Civil society action means 27,000 more people could receive HIV treatment for 10 years.
The price of 2 key HIV drugs in Argentina has led to $50 million in annual savings, enough to provide treatment to 27,000 people for 10 years.
Our partner, Fundación Grupo Efecto Positivo (FGEP) led pre-grant patent oppositions on two drugs: TDF/FTC/EFV (Atripla®) and TDF+FTC (Truvada®). This action, combined with sustained meetings with policy makers and suppliers, resulted in the procurement of generic versions of these drugs from the manufacturer Cipla and a local generic producer. In turn, this meant price reductions of 68% on TDF/FTC and 95% on TDF/ FTC/EFV. These price reductions are now generating combined annual savings of US$50.8 million in Argentina.
The actions that contributed to this success included filing patent oppositions, briefing media and influencing government.
The infographic forms part of the International Treatment Preparedness Coaltion’s (ITPC) 2016 Annual Review. ITPC leads the Make Medicines Affordable campaign consortium.
Savings across the campaign
Across the campaign, in our four focus countries, there are projected savings of $696m for health budgets.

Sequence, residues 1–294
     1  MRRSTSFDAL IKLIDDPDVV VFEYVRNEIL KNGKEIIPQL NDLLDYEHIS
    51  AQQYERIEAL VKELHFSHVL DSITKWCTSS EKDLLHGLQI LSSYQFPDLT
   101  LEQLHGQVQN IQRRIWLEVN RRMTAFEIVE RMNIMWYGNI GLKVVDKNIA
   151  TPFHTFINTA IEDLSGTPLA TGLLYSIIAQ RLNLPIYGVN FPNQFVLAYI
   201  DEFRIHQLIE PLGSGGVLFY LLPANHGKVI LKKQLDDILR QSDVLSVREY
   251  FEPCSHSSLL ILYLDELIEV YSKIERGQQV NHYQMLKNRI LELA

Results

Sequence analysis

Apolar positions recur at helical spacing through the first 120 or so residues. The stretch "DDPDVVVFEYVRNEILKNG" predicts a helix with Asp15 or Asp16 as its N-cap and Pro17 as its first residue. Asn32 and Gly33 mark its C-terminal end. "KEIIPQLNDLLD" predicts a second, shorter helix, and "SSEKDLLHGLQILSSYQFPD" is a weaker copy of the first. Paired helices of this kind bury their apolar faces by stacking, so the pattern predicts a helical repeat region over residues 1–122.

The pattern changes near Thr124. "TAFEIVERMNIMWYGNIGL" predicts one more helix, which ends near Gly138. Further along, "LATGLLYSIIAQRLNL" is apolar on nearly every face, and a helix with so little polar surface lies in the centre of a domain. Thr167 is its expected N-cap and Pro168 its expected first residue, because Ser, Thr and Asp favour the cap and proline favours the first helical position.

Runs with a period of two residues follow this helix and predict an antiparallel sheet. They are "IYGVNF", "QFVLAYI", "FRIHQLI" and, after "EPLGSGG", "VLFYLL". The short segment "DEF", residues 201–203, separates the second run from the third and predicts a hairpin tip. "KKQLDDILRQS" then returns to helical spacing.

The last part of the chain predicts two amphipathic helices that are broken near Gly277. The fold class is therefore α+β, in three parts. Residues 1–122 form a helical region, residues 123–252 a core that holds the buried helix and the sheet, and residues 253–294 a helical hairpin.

Since the start of project, we led seven patent oppositions in the four countries. We also pursued two patent oppositions that were led prior to start of the project. As a result of an opposition we led in Brazil, the patent application on the antiretroviral drug TDF/FTC was rejected in early 2017. This will mean that other companies can manufacture and sell the drug in Brazil, thus increasing competition and bringing down prices. The outcomes of the other patent oppositions are still pending.
When comparing the latest antiretroviral prices with prices before our interventions, and considering the number of people currently on treatment, we have secured combined projected annual savings of uS$696.44 million in the four focus countries.
These significant savings are linked to our work challenging unmerited patents, whilst engaging with health authorities, patent offices and procurement agencies.